Sunday, 22 July 2018

​The age of leverage wanes

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WE HAVE SPENT most of our time since the end of the Fed’s QE programme obsessing about when the tightening cycle will begin and what influence that will have on life, the universe and everything. The Fed chose not to raise rates last week, but the real issue is not whether rates went up by a quarter point, or when that will now happen. It’s about leverage.

Just as there was an age of steam, there was an age of leverage. There was a great time to be in Derby making locomotives or in Glasgow building ships. There were also great times to be in Birmingham making steel, or in Manchester spinning cotton, or in Stoke-on-Trent making bone china or in Coventry assembling cars. All these industries boomed and then faded, and so it is with banking. There was a great time to be in London creating credit and that time is clearly drawing to a close.

Let’s face it, banking is inherently boring. It’s about lending money and praying that it will come back with the interest paid. Well, at least it was boring until the growth of derivatives which enabled off-balance sheet leverage. Aided by a period of falling rates – we’re talking the post 1973 super-cycle which is now coming to an end – if enough leverage was applied, the profit would eventually present itself on a plate. A bad year here and there could be forgotten and treated as proof that the profitable years were due to nothing less than the traders’ amazing skills.

BUT LIKE THE age of steam, the age of leverage will have had a finite lifespan during which those who were in the right place at the right time will have done very well and those who are hell-bent on chasing past glories will lose their shirts.

I suspect that in the fullness of time the entire financial crisis will be put down to the growth of derivatives and to the regulatory idiocy of having permitted the risks involved to be held as an off-balance sheet contingent liability. Sticking a Ferrari V12 engine in a Fiat 500 does not turn the latter into a supercar, while the risk of something blowing up is increased hugely.

FOLLOWING THE CRASH of 1929, the 1931 Macmillan Committee report concluded that “the function of a central bank is to regulate the volume and the price of credit”. Had this simple wisdom been taken seriously and not left forgotten – it was buried in paragraph 303 of the report – we might never have had a 2007/2008.

If there is one thing our central banks did not do, that was to regulate – yes, you’ve got it – the price and the volume of credit. On the contrary, by permitting risk to be built up off-balance sheet it firmly encouraged the development of ever more complex forms of not only first but second and third derivatives of simple credit and rate risk.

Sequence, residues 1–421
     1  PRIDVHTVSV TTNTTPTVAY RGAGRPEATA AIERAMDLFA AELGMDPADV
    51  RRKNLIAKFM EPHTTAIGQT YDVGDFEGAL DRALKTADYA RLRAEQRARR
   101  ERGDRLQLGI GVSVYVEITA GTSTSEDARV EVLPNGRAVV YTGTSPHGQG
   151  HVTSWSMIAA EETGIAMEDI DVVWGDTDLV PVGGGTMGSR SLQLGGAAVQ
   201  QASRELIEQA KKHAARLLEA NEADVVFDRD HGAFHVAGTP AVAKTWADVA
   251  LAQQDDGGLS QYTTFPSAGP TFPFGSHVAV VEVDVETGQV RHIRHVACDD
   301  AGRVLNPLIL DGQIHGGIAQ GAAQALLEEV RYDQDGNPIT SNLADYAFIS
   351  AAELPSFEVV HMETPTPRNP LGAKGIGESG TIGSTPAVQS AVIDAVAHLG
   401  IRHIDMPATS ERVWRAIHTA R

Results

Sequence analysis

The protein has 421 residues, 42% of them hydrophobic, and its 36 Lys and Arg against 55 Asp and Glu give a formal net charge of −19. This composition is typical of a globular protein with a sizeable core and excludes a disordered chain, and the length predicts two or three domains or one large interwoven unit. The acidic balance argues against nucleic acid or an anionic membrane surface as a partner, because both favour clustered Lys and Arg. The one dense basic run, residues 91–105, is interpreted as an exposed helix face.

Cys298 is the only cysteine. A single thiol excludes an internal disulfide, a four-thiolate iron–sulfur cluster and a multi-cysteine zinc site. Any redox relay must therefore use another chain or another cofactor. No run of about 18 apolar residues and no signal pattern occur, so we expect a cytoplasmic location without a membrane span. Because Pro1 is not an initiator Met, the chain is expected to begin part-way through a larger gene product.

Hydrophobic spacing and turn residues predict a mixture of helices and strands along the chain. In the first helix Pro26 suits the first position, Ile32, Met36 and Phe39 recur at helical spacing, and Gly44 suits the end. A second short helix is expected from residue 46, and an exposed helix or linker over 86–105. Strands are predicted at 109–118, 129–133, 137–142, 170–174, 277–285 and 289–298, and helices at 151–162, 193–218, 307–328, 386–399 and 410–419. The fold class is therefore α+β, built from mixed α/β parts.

Although not yet fully under control, there are very clear signs that the free-wheeling derivatives markets are headed for the scrapheap and with them the earnings that made banking the place to be for the best part of 2-1/2 decades.

The high-earning environment provided more job opportunities than there were people of adequate talent to fill them. The system ended up filled with some highly average people who critically thought that they were worth what they were being paid. Hubris abounded.

So if the tail has wagged the dog for 25 years, what happens when that tail is finally amputated? I suspect Fido will repair to his bed in the corner and go back to sleep.

Sticking a Ferrari V12 engine in a Fiat 500 does not turn the latter into a supercar, while the risk of something blowing up is increased hugely

THE CLOSER WE’VE got to the bottom of the rate cycle and the further away from the erstwhile one-way bet, the more some of those hedge fund wizards seem to struggle to make returns commensurate to the fees they like to charge. All of a sudden, many of them are looking utterly pedestrian and devoid of the magic touch which made some of them fabulously rich. I have often enough visited the subject of how their greatest skill was to convince the willingly gullible that leveraged beta was really alpha, and all I can add to that is “well played”.

The masters of the art, however, are the high frequency traders who add absolutely nothing to anything. Their arbitrage is so irrelevant to the conduct of the business of banking and investing that it should be stood up against a wall and shot. I can’t blame the practitioners, for they are doing nothing illegal. I don’t know how exactly it will happen but I would not be very surprised if HFT is regulated out of existence within the next few years.

In the same way in which the telecom sector, treated like the highest of high tech industries 10 years ago, was found out and reclassified in investors’ minds as a highly competitive, high-cost, low return utility-type business, banking is well on its way to becoming the same.

As the best graduates desert the queues to join investment banks and head for the sexy tech openings, our industry will quieten down and become the boring backwater it was when I joined up and when it was the repository for those who couldn’t get a proper job. What did I say about very average but overpaid people who simply got lucky by being in the right place at the right time?

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